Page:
├── contact/
    │   └── index.html
    └── index.html
    

    After executing ddp --interactive, you might answer the prompts as:

    $ ddp --interactive
    
    ? Enter the full root domain: https://example.com
    ? Enter the build folder path: build
    ? Enter the name of the output file: example.com.diff.html
    ? Select certain elements to clean: No
    ? Select certain attributes to clean: No
    
    Requesting the following URLS:
    http://example.com/
    http://example.com/about/
    http://example.com/contact/
    
    Fetched 3 / 3
    Done fetching URLs!
    Preparing local files...
    Preparing remote files...
    Preparing to compute differences...
    Computing differences...
    Done computing all differences!
    Written to example.com.diff.html
    

    This creates your report in example.com.diff.html, ready to view the useful differences!

    Clean Configuration

    One of the most useful parts of ddp is the ability to clean the HTML before computing the differences.

    HTML can be cleaned in two ways: by changing some elements, or by changing some attributes on an element.

    When in interactive mode, you will be prompted for the configuration on how to clean the document. Otherwise, you must pass in a JSON configuration via the -c or --clean-config flag.

    When using the --clean-config flag, the JSON can be passed in via three ways: inline JSON, a file path, or piped in via stdin.

    Whichever way you pass in this configuration, it must be valid JSON and have a specific structure.

    Clean Configuration - JSON Structure

    When setting the clean config via JSON, the structure of the JSON should be a plain Object ({}), with two root keys: "elements" and "attributes". The values of each are an Array of plain Objects, detailed below:

    {
        // An array of objects that configure which elements should be cleaned
        "elements": [
            {
                // A valid DOM selector for your element. This is required.
                "selector": "String",
    
                // After the elements have been selected, they can be filtered by
                // their contents for a simple string match.
                "contains": "String",
    
                // After the elements have been selected, they can be filtered by
                // checking their contents for a regular expression match.
                // Note that this regular expression should **not** contain starting
                // and ending slashes, and all backslashes should be escaped.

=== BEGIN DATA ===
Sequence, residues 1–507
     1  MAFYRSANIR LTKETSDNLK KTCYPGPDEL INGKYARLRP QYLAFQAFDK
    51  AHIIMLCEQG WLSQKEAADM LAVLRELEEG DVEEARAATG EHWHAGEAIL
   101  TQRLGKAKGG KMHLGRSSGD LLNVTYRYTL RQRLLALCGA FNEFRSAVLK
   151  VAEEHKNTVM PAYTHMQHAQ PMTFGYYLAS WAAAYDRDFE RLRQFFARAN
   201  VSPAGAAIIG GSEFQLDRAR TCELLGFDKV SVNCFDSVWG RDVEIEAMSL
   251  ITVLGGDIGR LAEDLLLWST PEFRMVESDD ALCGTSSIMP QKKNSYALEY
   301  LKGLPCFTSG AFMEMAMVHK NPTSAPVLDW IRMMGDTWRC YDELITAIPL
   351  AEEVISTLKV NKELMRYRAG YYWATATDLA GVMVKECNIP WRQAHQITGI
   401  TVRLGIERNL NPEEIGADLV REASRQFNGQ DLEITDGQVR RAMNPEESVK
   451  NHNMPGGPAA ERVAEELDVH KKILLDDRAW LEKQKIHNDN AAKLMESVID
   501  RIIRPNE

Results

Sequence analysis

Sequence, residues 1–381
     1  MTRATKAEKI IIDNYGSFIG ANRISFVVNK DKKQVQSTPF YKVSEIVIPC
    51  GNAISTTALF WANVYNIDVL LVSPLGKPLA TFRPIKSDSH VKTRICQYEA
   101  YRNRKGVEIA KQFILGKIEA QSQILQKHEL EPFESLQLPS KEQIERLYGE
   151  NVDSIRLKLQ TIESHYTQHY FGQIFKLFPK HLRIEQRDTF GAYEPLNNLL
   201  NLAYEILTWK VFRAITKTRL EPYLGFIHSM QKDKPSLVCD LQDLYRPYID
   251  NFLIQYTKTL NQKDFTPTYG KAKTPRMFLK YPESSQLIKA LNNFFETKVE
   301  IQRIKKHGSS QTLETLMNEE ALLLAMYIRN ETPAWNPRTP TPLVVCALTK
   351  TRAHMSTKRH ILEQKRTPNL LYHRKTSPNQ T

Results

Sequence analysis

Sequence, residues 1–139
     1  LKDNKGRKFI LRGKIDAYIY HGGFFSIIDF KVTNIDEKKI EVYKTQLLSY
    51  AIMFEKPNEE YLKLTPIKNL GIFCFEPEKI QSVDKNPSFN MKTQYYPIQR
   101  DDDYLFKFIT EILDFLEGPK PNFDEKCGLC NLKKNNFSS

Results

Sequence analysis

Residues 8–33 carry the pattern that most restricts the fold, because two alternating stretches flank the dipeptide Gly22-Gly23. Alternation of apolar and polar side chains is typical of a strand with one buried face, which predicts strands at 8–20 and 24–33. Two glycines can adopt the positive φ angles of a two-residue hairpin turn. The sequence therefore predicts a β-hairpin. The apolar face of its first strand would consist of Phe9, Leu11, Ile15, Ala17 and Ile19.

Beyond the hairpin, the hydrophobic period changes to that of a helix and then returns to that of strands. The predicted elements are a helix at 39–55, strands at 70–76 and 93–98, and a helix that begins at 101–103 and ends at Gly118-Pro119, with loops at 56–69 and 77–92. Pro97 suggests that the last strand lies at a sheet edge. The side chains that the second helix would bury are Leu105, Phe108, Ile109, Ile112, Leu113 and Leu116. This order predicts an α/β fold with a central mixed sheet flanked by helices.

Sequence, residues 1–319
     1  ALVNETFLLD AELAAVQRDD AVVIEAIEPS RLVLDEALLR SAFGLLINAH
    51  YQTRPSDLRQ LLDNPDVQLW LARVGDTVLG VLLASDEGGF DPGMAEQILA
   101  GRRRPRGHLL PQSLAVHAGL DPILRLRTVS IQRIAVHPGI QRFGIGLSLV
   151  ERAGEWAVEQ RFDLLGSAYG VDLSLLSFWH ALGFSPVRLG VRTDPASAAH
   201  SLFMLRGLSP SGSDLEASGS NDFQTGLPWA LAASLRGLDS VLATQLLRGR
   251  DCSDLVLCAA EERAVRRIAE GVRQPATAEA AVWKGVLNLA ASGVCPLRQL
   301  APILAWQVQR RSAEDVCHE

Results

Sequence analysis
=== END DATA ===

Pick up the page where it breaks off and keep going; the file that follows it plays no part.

// @example `"containsRegex": "jQuery v\\d+"`
                "containsRegex": "String",
    
                // When using the 'containsRegex' key, optional flags can be set via
                // the "containsRegexFlags" key.
                // @example `"containsRegexFlags": "i"`
                "containsRegexFlags": "String",
    
                // Enter true or false to flag whether the element should be removed
                // or not. If used with 'replacement', the entire element is replaced
                // with the passed HTML. This overrides 'empty' if both are set.
                "remove": true | false,
    
                // Enter true or false to flag whether the element should be emptied
                // or not (that is, have its contents removed). If used with
                // 'replacement', the element's contents are replaced with the
                // passed HTML. This is overridden by 'remove' if both are set.
                // If 'empty' or 'remove' are not set, the default action is to
                // empty the element.
                "empty": true | false,
    
                // If 'empty' or 'remove' are set, this value will be used to
                // replace the element or the element's contents. This value
                // will always be housed in an HTML comment.
                "replacement": "String",
            }
        ],
    
        // An array of objects that configure which attributes should be cleaned
        "attributes": [
            {
                // The attribute name to clean (e.g. "id"). This is required.
                "attribute": "String",
    
                // An optional selector, so this attribute will only be searched for
                // on this matching element.
                "selector": "String",
    
                // After the attribute has been selected, it can be filtered by
                // its value for a simple string match.
                "contains": "String",
    
                // After the attribute has been selected, it can be filtered by
                // checking its value for a regular expression match.